Reporting on Gender Equity Is a Key Step to Improving DiversityApr 12, 2022
Even as the pandemic dealt a blow to women's participation in the paid workforce, companies that focused on measuring and disclosing the gender diversity of their management and rank-and-file employees were able to make strides in achieving gender equity.
In 2022, women around the world continue to face barriers that impede upward mobility and participation in the paid workforce. Many of these barriers were highlighted during the coronavirus pandemic. While the pandemic had a detrimental impact on labor force participation across the board, female workforce participation was impacted more severely, falling 4% relative to 3% for males on a global basis between 2019 and 2020. As of 2022, global female workforce participation is 46.6%, which materially lags male workforce participation of 72.0%.
According to the International Labour Organization, the primary reason women of a working-age abstain from the paid workforce on a global basis is due to unpaid care responsibilities, owing to issues such as insufficient support and unequal opportunity for high-quality work relative to male counterparts. This dynamic was magnified during the COVID-19 pandemic as additional caring responsibilities, such as home-schooling, increased the burden on women, including those juggling paid and unpaid labor.
At the same time, structural barriers such as insufficient parental leave, a lack of flexible working arrangements and support to rejoin work following extended leave, and gender pay inequality can discourage women from participating in the workforce. For women actively working or looking for work, barriers such as biased hiring practices, gender-based discrimination, and a lack of mentorship, career development support, or training can limit upward mobility potential within an organization.
Campaigns by high-profile industry groups such as 50/50 Women on Boards to increase female representation on company boards continue to prove effective. The percentage of women on boards improved 3% year over year for companies in the Sustainalytics coverage universe that reported in both 2019 and 2020, despite a slight decrease in female workforce participation overall. While this is a positive development for female career progression and gender diversity in leadership, research published in our October 2021 report "Human Capital: Making Sense of One of the Most Common Material ESG Issues" indicates that higher gender diversity on boards corresponded with greater employee turnover.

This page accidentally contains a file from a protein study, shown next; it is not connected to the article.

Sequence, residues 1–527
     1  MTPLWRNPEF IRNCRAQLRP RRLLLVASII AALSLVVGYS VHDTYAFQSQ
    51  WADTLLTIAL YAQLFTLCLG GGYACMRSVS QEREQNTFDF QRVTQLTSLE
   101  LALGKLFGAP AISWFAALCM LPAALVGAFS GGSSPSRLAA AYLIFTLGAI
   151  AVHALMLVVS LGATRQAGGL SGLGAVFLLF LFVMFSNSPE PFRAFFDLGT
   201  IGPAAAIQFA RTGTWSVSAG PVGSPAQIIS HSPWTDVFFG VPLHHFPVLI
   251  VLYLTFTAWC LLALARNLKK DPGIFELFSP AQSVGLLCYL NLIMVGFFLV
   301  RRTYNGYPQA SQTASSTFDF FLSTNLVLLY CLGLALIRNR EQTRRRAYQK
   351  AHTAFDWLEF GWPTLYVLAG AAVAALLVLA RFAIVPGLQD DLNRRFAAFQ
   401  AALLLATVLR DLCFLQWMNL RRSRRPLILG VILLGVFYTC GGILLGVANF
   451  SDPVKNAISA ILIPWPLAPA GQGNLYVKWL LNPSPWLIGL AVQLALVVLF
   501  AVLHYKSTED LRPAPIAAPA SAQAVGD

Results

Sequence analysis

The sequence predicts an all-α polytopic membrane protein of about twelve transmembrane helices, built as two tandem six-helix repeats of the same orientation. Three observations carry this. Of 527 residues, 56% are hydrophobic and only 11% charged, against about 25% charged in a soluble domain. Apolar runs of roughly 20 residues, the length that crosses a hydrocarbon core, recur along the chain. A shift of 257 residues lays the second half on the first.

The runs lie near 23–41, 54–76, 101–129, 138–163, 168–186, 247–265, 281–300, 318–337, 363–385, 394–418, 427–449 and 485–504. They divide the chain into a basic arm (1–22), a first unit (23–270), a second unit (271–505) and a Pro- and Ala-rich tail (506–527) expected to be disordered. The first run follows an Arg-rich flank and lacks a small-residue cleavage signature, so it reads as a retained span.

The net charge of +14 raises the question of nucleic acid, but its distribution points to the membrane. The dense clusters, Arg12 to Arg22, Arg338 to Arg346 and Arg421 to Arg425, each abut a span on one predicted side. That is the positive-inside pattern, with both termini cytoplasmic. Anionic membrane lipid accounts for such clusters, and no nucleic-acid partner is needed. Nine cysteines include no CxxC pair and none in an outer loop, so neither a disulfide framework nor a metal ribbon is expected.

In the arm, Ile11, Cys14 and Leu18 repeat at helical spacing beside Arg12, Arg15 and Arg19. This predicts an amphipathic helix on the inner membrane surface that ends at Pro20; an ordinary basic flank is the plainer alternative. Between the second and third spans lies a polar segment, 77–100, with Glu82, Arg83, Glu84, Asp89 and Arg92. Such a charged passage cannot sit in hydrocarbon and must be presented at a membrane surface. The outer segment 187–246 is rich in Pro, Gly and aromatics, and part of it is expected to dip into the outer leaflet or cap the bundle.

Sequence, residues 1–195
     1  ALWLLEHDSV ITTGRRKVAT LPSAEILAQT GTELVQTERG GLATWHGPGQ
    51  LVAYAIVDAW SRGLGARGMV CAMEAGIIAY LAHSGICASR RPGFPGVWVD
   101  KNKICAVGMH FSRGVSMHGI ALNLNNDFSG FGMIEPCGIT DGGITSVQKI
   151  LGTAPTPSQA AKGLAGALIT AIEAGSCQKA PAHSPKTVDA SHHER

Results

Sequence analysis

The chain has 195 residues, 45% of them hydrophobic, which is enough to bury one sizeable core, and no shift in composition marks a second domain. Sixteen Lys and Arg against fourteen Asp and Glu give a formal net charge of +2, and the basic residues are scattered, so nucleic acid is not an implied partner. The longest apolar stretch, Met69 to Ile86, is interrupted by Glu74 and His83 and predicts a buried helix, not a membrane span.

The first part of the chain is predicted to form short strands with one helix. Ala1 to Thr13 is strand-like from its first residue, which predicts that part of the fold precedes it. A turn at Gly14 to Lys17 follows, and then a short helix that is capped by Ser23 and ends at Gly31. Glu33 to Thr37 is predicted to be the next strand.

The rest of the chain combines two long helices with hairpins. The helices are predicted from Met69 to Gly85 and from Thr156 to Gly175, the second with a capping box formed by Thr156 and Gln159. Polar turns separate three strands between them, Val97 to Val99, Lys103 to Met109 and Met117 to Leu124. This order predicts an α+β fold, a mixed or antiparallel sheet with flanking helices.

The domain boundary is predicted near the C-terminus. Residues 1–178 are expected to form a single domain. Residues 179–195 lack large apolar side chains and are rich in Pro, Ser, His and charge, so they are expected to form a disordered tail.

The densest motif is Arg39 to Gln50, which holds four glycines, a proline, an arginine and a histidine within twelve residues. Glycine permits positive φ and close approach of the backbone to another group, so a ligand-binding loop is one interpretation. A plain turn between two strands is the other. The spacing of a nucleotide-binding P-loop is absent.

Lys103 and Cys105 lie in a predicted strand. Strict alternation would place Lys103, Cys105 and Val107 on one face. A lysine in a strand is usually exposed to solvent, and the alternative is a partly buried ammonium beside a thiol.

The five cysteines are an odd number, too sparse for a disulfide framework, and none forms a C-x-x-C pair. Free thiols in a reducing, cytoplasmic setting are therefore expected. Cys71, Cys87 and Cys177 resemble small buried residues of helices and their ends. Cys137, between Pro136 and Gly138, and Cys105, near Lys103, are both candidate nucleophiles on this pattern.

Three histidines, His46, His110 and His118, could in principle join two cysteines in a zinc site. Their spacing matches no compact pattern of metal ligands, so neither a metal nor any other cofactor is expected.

The research indicates that the number of women in senior management matters more. Companies with greater parity between the percentage of women in senior management and the percentage of women in the rank and file achieve lower employee turnover. In practice, the data suggest that if employees see equal representation in leadership roles and opportunities for career progression, they are more likely to stay with a company longer.
Between 2019 and 2020, there was a marked 15% increase in the number of companies in the Sustainalytics universe that disclosed the percentage of women in the workforce and women in senior management. According to a 2022 Bloomberg report, investors are increasingly expecting companies to include gender equality initiatives in their business processes and to report on gender-focused metrics. The aim is for the workforce, including senior management, to be representative of the diverse composition of the general population.
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